you want to make more than 70,000 of Digg users simultaneous access to your website? Maybe you will like Slashdot with more than 100,000 users.
Nowadays, everyone is trying to get traffic from these social media sites, and the boom in listing on these sites is sweeping the Internet. For example, on Digg, people try to submit news as they happen, and through blog links, hoping to make it to the front page. Most of the stories on Digg are made up of this kind of blog spam.
But the question is, is this really useful for those who end up on the front page?
To answer this question, we must first ask ourselves what we want to achieve by listing on these sites. If the reason is a direct visit, then we are rewarded with useless clicks, people who only spend a few seconds on our website, then leave and never come back. But if our goal is to get better search engine rankings, then it may be beneficial to us.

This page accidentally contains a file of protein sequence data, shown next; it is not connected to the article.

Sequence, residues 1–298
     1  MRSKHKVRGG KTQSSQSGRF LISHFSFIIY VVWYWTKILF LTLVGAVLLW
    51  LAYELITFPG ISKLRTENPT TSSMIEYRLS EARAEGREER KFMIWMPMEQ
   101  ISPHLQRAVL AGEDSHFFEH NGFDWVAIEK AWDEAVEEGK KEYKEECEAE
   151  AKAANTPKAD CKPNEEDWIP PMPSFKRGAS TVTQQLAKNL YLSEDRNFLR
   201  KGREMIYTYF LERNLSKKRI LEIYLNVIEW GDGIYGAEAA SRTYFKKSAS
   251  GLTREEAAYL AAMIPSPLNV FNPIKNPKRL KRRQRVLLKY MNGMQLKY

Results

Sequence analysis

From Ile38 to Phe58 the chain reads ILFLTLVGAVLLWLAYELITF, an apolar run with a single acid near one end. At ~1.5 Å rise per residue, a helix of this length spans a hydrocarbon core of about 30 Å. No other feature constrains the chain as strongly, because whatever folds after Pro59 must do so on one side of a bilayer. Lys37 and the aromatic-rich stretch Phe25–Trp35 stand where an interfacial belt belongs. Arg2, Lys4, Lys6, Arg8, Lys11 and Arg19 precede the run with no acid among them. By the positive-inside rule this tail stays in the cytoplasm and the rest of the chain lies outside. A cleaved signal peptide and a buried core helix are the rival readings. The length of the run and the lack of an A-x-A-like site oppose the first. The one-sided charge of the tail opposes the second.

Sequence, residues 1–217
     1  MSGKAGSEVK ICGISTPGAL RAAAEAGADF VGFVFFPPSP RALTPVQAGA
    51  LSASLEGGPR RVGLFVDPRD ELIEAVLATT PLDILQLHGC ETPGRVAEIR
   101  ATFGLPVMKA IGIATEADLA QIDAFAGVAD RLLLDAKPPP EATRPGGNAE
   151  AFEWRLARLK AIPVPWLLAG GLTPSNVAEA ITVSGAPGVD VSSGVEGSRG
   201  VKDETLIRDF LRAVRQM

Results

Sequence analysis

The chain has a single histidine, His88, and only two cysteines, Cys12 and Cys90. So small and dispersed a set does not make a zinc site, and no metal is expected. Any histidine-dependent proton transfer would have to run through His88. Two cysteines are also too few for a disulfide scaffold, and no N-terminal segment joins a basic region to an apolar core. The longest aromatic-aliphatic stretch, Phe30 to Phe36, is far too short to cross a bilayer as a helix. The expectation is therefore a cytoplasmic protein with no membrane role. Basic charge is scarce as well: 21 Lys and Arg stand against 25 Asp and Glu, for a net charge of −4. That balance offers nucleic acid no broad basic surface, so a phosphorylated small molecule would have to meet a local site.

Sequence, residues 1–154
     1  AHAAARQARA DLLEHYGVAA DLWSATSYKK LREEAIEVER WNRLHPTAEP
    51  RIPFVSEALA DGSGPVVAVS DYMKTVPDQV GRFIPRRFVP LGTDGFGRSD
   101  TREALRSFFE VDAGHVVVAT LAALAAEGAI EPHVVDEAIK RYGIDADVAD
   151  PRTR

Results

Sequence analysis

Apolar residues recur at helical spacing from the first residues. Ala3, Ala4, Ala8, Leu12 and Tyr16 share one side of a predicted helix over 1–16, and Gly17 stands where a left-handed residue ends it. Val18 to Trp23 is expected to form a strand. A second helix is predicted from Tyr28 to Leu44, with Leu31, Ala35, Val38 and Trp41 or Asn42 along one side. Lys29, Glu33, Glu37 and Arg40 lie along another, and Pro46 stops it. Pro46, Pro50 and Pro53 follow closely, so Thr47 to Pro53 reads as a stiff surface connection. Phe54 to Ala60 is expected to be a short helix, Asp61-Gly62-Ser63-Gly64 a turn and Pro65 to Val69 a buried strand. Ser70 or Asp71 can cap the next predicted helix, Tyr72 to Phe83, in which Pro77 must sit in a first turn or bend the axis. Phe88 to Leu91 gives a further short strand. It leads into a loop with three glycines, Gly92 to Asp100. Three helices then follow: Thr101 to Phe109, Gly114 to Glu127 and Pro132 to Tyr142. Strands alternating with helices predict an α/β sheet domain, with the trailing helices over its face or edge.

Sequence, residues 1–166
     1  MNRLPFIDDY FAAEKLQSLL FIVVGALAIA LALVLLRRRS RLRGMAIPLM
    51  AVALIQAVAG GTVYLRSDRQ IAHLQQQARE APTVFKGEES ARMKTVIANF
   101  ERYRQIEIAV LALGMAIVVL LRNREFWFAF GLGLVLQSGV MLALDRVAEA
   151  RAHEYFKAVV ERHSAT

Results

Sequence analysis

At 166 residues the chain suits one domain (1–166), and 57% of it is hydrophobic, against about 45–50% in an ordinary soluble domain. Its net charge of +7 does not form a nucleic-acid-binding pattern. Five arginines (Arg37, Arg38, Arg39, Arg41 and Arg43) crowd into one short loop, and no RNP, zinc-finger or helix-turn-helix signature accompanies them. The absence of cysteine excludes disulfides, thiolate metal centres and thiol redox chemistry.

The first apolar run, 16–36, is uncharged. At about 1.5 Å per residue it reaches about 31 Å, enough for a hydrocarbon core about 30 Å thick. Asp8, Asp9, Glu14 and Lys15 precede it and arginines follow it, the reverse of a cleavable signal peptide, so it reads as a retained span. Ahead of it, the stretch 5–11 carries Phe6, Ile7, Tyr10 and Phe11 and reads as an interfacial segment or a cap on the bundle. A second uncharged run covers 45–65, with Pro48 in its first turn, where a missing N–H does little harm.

If you want many of these people to click on many of the ads you run on your website, then don’t bother. Traffic from social media sites such as Digg and Slashdot is not organic traffic. Therefore, it is wishful thinking to hope that these people can click on ads or browse other pages on your website. I will go further and say that if the surge in traffic is the cause, then it is not worth it when you consider the cost of bandwidth.
Traffic analysis is as follows:
Most of the traffic will
spend time on the pages they visit
will visit other pages on your site
will register your newsletter
will click on any ads
will bookmark your site
So the only reason to get a ranking on your social network is to get these good search results. Once your website is mentioned on these sites, you will start to get new links to your website, other people’s blogs, your articles/new stories, etc. These links will grow strongly in the first few days and in turn will improve your website’s ranking in search engines.